Archive for September, 2009

Cash for Clunkers

September 23rd, 2009 No comments

By now the Cash for Clunkers program is well behind us. Before the chaos of this financial crisis, I had never thought that the government would introduce such a program, and I’m not sure I’ll ever see another one like it in my remaining years. Given that, I’m glad that we (specifically, my parents) were able to take advantage of the program. Based on my experience, a few thoughts:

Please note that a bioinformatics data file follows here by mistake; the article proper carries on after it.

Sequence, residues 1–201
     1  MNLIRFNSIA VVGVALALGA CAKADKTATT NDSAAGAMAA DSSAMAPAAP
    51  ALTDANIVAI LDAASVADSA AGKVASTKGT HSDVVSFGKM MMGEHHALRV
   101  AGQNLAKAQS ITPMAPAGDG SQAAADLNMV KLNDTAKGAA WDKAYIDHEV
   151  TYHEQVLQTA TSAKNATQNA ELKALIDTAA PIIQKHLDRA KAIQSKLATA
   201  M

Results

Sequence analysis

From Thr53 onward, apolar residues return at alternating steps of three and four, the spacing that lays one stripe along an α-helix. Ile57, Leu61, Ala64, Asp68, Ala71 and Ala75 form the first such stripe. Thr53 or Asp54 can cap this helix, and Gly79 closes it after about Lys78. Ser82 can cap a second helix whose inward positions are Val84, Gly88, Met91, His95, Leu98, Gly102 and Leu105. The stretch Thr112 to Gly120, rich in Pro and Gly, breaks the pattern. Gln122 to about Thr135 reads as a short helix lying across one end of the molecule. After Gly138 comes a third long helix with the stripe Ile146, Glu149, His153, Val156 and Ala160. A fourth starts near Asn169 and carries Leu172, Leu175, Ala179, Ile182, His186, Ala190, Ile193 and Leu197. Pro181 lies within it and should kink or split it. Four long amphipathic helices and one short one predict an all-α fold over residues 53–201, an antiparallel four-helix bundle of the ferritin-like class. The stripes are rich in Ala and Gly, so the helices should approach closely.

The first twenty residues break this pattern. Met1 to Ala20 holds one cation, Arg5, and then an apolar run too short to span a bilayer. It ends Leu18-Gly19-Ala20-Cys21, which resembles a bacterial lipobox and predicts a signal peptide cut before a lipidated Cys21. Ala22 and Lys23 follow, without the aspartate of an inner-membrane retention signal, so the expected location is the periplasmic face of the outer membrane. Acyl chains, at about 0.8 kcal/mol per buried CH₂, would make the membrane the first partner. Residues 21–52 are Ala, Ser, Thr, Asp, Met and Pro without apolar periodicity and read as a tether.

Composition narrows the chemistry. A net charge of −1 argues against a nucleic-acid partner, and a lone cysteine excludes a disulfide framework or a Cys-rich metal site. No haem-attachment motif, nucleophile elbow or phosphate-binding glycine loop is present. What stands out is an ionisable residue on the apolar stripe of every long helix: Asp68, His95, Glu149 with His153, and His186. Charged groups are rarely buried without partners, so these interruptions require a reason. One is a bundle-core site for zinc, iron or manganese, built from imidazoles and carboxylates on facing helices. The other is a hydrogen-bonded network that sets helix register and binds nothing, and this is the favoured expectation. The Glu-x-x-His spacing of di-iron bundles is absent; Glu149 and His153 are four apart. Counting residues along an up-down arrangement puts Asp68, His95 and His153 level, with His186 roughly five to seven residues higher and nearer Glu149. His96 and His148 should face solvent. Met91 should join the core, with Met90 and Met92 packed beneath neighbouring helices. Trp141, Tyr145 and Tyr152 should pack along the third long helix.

The government’s objective was the lift vehicle sales; there’s no doubt that they were successful. About 700,000 vehicles were sold under the program, resulting in a total of $2.87 billion paid out by the government. In addition to this, we should add the cost of processing the applications and any additional infrastructure needed to execute the program. The cost still comes in under the $3 billion the government had budgeted. This was a great thing for car dealers, for people who were able to take advantage of the program, and for the auto industry in general (production was ramped up and thousands of people were put back to work). However, my concern is about the short-lived nature of the program. I’m afraid that in the books of history, this will be but a blip. Now that the program is finished, we still have extremely high unemployment, we still have lack of desire for American cars, and we still have no evidence of improved American cars (in terms of quality and reliability). So, what will happen to the auto industry and all the workers who were put back to work over the next six months? I hate to say it, but it isn’t looking pretty – auto sales are down again, and I feel like it’s only a matter of time before production stops again. We need a more permanent solution to this problem…